KUALA LUMPUR (BLOOMBERG) - Malaysia plans to halt all expansion of oil palm plantations this year as it seeks to dispel the oil's reputation as a driver of deforestation.
The world's second-largest producer after Indonesia will cap the area at around six million hectares, Minister of Primary Industries Teresa Kok said in an interview on Friday (March 1).
That's up from 5.85 million hectares at the end of last year, which will give some leeway to growers who are in the middle of replanting or who have already bought land, she said.
The move comes as producers intensify their fight against simmering anti-palm oil sentiment and allegations that the crop destroys tropical rainforests that are home to endangered animals such as the orangutan.
While the negative sentiment against palm oil has existed for decades, it worsened when growers expanded plantations in Indonesia and Malaysia.
"Now we are responding to a lot of accusations and rectifying it," Ms Kok said.
The proposal, which will be put to the Cabinet for discussion by March, will require commitment and cooperation from state governments as certain land issues are under their jurisdiction, Ms Kok said at her office in Putrajaya.
Malaysia will focus on boosting the productivity and yields of existing palm trees, she said. Palm oil futures in Kuala Lumpur added as much as 1.3 per cent on Monday after jumping 3.2 per cent on Friday.
The European Union Commission in February submitted a Delegated Act that classifies palm oil from large plantations as unsustainable, and suggests that the oil be excluded from the bloc's biofuels target. That could hurt top producers in Indonesia and Malaysia which are struggling to improve demand for the controversial oil used in everything from soap to chocolate.
Malaysia has called the draft law discriminatory and potentially detrimental towards palm oil. The country is gearing up for a long battle as there's risk that the "end game" in the EU is to completely ban palm oil, Foreign Minister Saifuddin Abdullah said last month.
The Bill is open for comment until March 8.
The world's largest growers are joining forces. The Council of Palm Oil Producing Countries, whose members Indonesia, Malaysia and Colombia produce about 90 per cent of global supply, will jointly challenge the Bill through bilateral consultations, as well as through the World Trade Organization and regional grouping Asean.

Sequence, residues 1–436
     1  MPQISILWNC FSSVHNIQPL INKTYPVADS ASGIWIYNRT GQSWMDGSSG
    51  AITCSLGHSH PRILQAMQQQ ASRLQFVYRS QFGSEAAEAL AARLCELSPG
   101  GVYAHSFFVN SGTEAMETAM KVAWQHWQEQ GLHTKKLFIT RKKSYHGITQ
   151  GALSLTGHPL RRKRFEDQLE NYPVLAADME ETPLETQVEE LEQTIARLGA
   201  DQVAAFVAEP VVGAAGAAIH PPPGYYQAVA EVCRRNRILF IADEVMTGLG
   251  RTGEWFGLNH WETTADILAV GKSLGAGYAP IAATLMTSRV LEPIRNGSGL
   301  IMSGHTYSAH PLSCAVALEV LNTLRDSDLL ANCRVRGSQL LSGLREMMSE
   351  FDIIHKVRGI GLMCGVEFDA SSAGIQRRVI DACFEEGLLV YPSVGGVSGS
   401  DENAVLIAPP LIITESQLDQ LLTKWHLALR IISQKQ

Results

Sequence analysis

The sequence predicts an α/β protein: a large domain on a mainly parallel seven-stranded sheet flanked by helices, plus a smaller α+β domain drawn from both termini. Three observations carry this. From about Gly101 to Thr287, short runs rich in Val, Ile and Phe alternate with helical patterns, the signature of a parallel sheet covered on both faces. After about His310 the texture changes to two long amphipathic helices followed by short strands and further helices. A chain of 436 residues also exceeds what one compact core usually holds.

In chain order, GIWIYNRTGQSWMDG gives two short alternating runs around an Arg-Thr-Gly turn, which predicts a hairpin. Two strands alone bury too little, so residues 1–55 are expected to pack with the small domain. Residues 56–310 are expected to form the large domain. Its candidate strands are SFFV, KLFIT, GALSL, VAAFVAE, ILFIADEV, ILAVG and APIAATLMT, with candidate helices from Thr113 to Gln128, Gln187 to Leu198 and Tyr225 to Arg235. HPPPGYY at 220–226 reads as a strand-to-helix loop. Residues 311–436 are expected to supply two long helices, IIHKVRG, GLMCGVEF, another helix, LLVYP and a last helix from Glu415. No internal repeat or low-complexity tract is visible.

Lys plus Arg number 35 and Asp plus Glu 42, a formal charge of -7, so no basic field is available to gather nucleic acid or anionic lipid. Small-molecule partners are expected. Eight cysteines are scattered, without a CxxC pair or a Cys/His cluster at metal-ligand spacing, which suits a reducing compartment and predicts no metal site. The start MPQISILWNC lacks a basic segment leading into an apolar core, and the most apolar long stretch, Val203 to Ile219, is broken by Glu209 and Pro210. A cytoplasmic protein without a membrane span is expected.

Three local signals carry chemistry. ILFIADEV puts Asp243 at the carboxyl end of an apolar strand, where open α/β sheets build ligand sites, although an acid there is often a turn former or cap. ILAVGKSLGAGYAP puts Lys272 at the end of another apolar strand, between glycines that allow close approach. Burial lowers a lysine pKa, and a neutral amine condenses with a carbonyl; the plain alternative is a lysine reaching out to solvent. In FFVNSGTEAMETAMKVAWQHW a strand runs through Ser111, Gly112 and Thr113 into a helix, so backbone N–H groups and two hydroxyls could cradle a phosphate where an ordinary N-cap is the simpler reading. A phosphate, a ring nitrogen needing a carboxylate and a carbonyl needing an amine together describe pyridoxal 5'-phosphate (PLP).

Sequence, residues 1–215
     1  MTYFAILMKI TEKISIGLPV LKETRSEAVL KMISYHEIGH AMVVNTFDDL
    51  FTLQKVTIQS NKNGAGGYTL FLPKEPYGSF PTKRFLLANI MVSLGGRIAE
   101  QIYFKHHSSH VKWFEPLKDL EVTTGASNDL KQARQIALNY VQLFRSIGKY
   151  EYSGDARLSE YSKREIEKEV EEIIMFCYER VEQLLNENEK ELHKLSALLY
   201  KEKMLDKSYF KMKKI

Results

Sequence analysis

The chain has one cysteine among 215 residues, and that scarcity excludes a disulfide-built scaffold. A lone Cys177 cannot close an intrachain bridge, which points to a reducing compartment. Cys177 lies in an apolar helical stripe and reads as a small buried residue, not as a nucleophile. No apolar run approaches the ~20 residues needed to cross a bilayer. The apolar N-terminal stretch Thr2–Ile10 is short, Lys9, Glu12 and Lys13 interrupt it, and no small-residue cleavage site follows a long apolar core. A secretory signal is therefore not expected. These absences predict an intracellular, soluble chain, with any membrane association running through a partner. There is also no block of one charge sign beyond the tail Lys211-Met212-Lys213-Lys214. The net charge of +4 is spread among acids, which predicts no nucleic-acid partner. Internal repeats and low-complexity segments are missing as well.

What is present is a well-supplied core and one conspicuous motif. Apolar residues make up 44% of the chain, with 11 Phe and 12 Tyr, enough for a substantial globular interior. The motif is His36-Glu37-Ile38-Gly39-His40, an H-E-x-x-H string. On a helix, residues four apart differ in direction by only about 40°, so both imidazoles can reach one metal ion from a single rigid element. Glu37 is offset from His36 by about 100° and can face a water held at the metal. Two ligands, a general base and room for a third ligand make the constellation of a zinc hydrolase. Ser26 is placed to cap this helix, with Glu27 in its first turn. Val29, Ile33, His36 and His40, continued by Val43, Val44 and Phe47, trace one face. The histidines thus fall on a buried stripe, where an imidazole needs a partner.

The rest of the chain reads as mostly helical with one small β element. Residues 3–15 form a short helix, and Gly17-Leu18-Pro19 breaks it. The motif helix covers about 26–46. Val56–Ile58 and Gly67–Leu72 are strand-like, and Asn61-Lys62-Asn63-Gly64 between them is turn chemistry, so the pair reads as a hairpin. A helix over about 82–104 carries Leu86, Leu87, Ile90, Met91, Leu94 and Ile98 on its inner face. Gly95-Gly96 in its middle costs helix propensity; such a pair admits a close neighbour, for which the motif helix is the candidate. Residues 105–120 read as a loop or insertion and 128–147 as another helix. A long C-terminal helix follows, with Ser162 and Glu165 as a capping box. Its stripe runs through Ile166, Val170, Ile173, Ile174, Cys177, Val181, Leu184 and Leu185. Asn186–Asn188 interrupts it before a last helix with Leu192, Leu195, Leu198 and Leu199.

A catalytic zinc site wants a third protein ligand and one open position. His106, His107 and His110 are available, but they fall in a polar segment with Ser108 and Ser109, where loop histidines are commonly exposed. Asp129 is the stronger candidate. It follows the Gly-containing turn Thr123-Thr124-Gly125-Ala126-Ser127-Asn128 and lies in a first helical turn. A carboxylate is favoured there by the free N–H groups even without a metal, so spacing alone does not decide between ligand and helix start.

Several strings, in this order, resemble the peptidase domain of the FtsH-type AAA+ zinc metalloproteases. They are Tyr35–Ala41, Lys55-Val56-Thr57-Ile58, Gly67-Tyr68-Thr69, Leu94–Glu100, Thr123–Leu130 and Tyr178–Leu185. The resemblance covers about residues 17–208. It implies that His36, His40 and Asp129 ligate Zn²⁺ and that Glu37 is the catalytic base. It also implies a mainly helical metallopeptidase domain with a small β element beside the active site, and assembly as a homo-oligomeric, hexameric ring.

The council said the law uses a "scientifically flawed" concept that targets palm oil and "makes no attempt to include broader environmental concerns" linked to other vegetable oils.
Some environmentalists link palm oil to the slashing and burning of rainforests in South-east Asia and laud the EU's plan to snub it, but there are critics who say it could have the opposite effect.
Turning away from palm oil could push consumers towards other vegetable oils that produce less yield per hectare, according to Bloomberg Law.
"The series of discriminatory policies on palm oil taken by the EU is unfair. I think the whole world can see that," Ms Kok said. "They are just trying to use the environment as a farce to discriminate against palm oil."
Malaysia will send a team of scientists to challenge the methodology that shaped the draft law, she said.
Ms Kok is also looking to gather support at home. She has launched a year-long "Love My Palm Oil" campaign to support the industry, roped in the private sector to place billboards promoting palm oil, and encouraged tour guides to bring tourists to plantations.
Malaysia is set to have all of its palm estates certified as sustainable by the end of this year, with the government helping smallholders to do so.
It's all about working together and spreading the word from home, Ms Kok said. "It's no more a one-woman or one-ministry show," she said. "The nation should come together."